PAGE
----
Elementary students' use of relationships and physical models to understand order and equivalence of rational numbers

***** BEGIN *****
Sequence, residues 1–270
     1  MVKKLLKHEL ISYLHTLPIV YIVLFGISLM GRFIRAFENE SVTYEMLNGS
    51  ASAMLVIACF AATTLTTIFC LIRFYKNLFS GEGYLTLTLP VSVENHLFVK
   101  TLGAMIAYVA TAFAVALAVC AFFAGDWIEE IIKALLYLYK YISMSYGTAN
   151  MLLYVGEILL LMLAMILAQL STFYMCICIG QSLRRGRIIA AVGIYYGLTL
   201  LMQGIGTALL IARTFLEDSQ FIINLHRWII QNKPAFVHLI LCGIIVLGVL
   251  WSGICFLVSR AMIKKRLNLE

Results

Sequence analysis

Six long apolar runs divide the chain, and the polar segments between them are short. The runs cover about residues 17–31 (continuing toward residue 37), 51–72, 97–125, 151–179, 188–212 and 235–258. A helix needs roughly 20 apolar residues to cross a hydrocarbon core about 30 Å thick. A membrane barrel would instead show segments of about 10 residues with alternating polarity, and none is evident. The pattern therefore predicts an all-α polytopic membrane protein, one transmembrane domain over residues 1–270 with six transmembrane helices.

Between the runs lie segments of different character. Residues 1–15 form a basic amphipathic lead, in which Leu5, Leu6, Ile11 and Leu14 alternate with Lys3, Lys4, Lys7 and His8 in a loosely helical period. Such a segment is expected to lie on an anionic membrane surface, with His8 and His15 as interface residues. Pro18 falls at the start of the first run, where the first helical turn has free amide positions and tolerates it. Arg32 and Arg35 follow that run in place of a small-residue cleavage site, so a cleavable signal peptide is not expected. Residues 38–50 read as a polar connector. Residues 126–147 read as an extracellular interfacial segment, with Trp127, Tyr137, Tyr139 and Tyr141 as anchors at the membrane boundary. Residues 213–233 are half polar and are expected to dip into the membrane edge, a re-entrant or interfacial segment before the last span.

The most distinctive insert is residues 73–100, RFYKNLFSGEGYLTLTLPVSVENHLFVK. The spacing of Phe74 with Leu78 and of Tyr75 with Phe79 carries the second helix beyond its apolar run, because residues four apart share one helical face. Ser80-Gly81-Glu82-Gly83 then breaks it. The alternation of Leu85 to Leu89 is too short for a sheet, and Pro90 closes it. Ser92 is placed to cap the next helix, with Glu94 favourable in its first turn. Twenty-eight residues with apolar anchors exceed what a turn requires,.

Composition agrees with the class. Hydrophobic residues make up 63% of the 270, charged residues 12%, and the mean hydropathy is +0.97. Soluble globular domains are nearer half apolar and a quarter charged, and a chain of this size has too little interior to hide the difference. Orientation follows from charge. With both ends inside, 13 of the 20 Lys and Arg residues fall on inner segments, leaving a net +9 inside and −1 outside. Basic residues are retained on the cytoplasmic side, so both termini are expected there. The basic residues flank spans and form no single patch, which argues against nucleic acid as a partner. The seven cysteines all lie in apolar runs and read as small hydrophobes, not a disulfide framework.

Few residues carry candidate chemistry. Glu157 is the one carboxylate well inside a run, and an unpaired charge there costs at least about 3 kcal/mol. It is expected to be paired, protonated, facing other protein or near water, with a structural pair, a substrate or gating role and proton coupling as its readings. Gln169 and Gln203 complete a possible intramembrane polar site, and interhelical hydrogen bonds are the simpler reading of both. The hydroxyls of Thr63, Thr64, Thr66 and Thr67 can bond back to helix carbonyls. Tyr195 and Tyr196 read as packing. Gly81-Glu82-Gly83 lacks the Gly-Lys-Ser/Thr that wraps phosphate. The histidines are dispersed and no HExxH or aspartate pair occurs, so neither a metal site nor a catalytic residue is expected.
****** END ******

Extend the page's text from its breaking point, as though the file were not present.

This study examined the interaction between the use of physical models and children’s understanding of fractions as demonstrated through their ability to compare and order fractions. Although physical models are recommended to help children developing an understanding of fraction concepts, there are multiple ideas about how to use the materials in classroom instruction and the results concerning the effectiveness of physical models have been mixed. Post, Behr, and Lesh (1986) suggested students must develop a “quantitative notion of rational number” (p. 40) which was directly connected to their ability to compare and order fractions. Smith (1995) identified four perspectives (Parts, Components, Reference Points, and Transform) to categorize general approaches for solving order and equivalence problems, which provided a framework for this study. Thirteen students from a multi-level third, fourth, and fifth grade class participated in this study. The teacher’s mathematics instruction was organized around problem solving and discussion of solutions. Daily classroom observations were videotaped over a three month period. All thirteen students participated in individual clinical interviews prior to and after the unit; eight students participated in interviews midway through the unit. All interviews were videotaped and summarized. The analysis of the data identified the relationships students attended to when comparing and ordering fractions. These relationships were grouped into eight perspectives (Limited, Pieces, Part-Whole, Unit Fraction, Within-Fraction, Between-Fraction, Equivalence, and Transform) extending Smith’s (1995) work. Many of these perspectives were connected to developing a quantitative notion of fractions and were influenced by the use of physical models. Physical models were used for more than just finding answers. Pre-partitioned area and linear models helped students learn equivalent relationships; however, some students acted as though the pieces were unrelated to the whole or used materials without thinking about relationships. Relationships were extremely important for comparing and ordering fractions in the part-whole perspective. Students who were able to identify, use, and extend relationships had a stronger understanding of fractions and could move between perspectives to solve problems efficiently and effectively.